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Point/ Counterpoint: Slacktivism


Although protesting is a right under the First Amendment of the US Constitution, the ability to protest is a privilege.

The current political climate of the US has led to an increase in protests around the nation and the world. The global Women’s March on Washington garnered an outstanding 5 million-plus participants this January, but those who were unable to march may still have supported from afar and must not be forgotten.

The march took place on a Saturday in order to maximize attendance, as people with weekday nine-to-five jobs would be off work and available to march. However, many lower class protesters were unable to attend, as they couldn’t get the day off work from less structured jobs in the retail and fast food industries.

Luckily, the Women’s March hosted an online protest for those unable to attend in person—people who had to work, people with disabilities, people with prior obligations and responsibilities, and others who simply couldn’t make it to the march. Each online protester was added to the March’s worldwide count, bringing the tally of participants to its staggering number.

This approach to protesting is deemed “slacktivism” by many, but for some, it’s the only form of activism available. Not everyone has the luxury of weekends off work or even the ability to stand in a crowd and hold a sign. Joining a physical protest is empowering and unlike any other experience, but it’s not always accessible, and it’s not the only way to be sure one’s voice is heard.

Educating oneself and, in turn, educating others, is an important part of activism that isn’t limited to protesting. Reading and sharing articles from reputable sources online is an incredibly helpful way to inform oneself and others. Fact-checking articles and searching for news from reputable sources keeps fake news in check and avoids allegations of exaggeration and lies.

Another way to be politically active is to call government officials’ offices and voice complaints to a representative. Every complaint is taken into account and this form of protesting takes nothing more than access to a phone and a few short minutes of time.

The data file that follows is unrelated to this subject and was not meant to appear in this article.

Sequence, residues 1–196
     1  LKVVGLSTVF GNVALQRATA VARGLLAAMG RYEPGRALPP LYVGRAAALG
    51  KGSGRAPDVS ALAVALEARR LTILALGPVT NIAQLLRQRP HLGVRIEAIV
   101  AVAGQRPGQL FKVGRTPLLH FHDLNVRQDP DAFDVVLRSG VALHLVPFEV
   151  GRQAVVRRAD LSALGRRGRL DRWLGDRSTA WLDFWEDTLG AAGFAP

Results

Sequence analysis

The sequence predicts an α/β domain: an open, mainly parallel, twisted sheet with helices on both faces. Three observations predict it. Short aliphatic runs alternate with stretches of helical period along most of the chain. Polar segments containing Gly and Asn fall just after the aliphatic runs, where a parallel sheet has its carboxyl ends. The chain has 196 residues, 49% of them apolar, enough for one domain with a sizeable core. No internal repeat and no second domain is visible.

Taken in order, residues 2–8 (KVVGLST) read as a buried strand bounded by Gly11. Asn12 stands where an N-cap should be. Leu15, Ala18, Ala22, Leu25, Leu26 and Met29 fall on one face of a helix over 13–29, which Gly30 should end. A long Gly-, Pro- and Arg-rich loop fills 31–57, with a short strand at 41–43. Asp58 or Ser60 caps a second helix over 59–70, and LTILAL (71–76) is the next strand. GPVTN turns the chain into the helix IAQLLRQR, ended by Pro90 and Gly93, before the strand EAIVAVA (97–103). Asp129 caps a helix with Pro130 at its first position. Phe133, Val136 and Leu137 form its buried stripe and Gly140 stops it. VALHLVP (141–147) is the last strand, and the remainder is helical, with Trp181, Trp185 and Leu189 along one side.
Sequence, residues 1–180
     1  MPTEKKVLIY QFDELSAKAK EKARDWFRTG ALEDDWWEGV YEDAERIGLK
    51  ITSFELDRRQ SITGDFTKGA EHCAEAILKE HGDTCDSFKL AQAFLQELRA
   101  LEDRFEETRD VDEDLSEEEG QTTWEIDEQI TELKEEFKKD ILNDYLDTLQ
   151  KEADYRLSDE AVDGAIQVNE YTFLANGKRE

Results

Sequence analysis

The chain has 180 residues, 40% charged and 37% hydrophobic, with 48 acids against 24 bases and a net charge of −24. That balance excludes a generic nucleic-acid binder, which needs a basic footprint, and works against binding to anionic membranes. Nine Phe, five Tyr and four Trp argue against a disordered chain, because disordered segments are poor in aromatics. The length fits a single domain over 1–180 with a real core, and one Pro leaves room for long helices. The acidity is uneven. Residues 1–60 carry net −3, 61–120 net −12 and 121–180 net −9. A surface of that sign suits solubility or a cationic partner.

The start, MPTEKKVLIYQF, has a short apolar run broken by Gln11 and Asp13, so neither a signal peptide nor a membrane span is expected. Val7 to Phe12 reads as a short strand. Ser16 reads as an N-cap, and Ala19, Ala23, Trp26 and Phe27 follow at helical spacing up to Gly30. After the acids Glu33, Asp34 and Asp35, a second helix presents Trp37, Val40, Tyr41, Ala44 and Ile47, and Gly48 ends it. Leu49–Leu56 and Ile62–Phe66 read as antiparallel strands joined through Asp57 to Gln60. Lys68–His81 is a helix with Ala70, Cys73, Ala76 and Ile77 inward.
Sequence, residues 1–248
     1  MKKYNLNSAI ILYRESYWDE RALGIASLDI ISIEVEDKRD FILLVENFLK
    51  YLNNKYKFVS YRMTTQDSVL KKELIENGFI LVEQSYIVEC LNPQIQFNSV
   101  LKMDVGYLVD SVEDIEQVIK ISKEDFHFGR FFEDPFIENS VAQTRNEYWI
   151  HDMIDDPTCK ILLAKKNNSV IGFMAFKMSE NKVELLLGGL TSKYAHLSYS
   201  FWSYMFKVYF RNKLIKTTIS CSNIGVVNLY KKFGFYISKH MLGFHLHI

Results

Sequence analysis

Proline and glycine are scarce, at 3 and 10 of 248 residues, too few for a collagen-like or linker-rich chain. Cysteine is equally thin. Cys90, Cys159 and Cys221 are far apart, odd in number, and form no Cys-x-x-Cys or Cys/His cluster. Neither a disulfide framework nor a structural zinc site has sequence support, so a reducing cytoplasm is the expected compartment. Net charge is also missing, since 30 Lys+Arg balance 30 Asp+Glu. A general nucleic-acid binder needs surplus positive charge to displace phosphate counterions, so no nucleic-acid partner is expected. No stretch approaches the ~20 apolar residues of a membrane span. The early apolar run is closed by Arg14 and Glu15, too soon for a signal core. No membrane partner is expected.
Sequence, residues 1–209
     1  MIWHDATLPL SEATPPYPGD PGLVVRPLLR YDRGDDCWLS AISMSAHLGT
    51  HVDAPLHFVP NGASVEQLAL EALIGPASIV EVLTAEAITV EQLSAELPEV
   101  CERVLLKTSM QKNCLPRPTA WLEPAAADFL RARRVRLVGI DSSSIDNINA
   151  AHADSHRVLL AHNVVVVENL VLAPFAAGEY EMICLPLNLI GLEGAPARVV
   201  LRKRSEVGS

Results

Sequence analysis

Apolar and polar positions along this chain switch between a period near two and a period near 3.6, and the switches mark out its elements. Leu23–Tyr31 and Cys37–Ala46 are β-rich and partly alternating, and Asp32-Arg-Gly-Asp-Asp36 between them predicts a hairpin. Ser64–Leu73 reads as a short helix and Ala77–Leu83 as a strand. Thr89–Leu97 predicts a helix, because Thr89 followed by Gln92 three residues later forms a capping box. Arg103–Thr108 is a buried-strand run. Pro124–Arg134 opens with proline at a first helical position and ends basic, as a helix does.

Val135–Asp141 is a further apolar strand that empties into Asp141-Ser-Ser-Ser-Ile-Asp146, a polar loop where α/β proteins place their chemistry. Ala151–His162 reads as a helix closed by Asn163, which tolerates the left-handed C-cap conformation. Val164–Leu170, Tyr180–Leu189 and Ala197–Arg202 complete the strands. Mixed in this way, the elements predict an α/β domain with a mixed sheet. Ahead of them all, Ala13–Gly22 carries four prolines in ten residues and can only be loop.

Slacktivism is a term that comes from those with privilege. The voices of people who can’t attend a protest are often the voices that need to be heard the most. Don’t discount the importance of protesters who can’t join a march.


Protests and marches have been going on for decades, but the way people are participating in civil disobedience has now changed. In our political climate, more and more people are protesting, but more and more people are also participating in slacktivism.

According to the Oxford dictionary, Slacktivism is defined as, “Actions performed via the Internet in support of a political or social cause but regarded as requiring little time or involvement.” It’s an easy way to still feel politically involved.

If a person feels strongly about something, they must actually be out there, protesting, rallying, marching alongside the many others who feel the same way. Sitting in bed and commenting on a “Pro-Life” Facebook page, for example, isn’t the same thing as going to the State Capitol and marching alongside other men and women who feel the same way. Just share thoughts and feelings online does not ignite social change the same way; protesting demands action.

Liking or commenting on a post is not being proactive or even involved. If a person thinks building a wall on the border of Mexico isn’t a good idea; protest. If a person believes that the recent travel ban on seven Muslim majority countries is unethical and unconstitutional; rally with the others at the airport.

Things have become so much easier for Millennials. There are more ways to travel, more ways to communicate, and more ways to get involved in modern times. There are very limited reasons as to why a person can’t come down to Civic Center Park and protest. It’s not hard to go out and find an Uber, and participate in a movement or issue that a person believes in. People have just gotten lazier.

No matter what beliefs and values a person has, there are ways to have their voice heard. It’s up to Millennials to make change and build a society where people all feel included, safe, and heard. Please, the next time a political post pops up on Facebook, instead of liking a post about the Women’s March,   strive to get out there and march with fellow protesters.

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